Teachers and children alike thrive on the daily experience of being themselves in each other's presence and nurturing that connection to make learning possible. Arguably, all meaningful work--in education, medicine, law, finance, public service--stems from the fact that we bring ourselves to our work and we care deeply about seeing and being seen by one another (preferably not on camera). I think you'd be hard-pressed to find a teacher, a child, or a parent who thinks technology fully bridges the distance between us all right now. But right now, it's all we have to bridge that gap, and the teachers at Friends School Haverford are not only up for the challenge but determined to make those connections happen. My colleagues are working harder than ever to bring what comes naturally to them into a new form. By the end of the first week of distance learning, our teachers had their fill of looking at and talking to themselves on camera, but that didn't stop them from filming. Each morning, our teachers summon their teacher's voice even though they are in their living room. Each day, they work to strike the balance of something akin to a normal routine and the acknowledgment that, if we had any choice at the moment, this is not what any of us would choose.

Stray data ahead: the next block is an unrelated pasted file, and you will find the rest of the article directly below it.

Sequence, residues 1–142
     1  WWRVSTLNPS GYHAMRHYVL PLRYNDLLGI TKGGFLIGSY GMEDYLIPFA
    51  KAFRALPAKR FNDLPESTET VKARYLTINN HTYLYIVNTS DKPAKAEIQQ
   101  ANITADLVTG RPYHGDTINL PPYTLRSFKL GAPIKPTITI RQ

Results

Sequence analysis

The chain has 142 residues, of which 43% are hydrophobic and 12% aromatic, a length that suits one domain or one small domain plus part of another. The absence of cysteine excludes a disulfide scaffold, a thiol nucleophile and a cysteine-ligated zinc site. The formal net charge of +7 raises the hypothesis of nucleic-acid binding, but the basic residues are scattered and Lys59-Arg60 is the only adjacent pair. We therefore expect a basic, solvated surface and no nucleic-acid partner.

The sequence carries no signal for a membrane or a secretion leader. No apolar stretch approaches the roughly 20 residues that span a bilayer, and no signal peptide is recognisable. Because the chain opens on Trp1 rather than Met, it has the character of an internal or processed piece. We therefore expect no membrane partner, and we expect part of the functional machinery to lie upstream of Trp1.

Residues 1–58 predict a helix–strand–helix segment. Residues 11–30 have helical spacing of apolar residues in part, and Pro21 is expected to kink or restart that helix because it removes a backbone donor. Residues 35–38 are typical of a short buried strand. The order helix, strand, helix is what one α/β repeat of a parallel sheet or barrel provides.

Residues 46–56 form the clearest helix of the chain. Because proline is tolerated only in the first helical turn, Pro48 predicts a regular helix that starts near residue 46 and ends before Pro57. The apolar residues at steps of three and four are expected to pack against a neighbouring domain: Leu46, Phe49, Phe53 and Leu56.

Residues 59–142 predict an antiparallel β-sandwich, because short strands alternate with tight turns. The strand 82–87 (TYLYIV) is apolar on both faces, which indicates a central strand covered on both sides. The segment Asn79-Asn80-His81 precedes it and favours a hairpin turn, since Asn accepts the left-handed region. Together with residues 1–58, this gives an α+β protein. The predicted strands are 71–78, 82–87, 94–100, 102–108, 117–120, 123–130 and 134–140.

With each passing week, there is a growing sense that we will have to continue to adapt, that summer will not bring an end to social distancing, and that the end won't be a return to the truly familiar. With each passing week, what teaching looks like changes as we adapt. However, the intention, compassion, and soul of this work have not. Our teachers are working harder than ever to make sure their students are seen and heard and deeply known across this divide. They are, to borrow from Theodore Roosevelt, doing what they can, where they are, with what they have, and what they have is an abiding love of learning with your children and the promise of shared joy in the process. 

To our teachers who are adapting their gifts, thank you. To our parents who are adapting to help our teachers make learning possible under extraordinary circumstances, thank you. To our children who persist with curiosity and joy as the ground shifts beneath us, we owe you the world for that--now more than ever.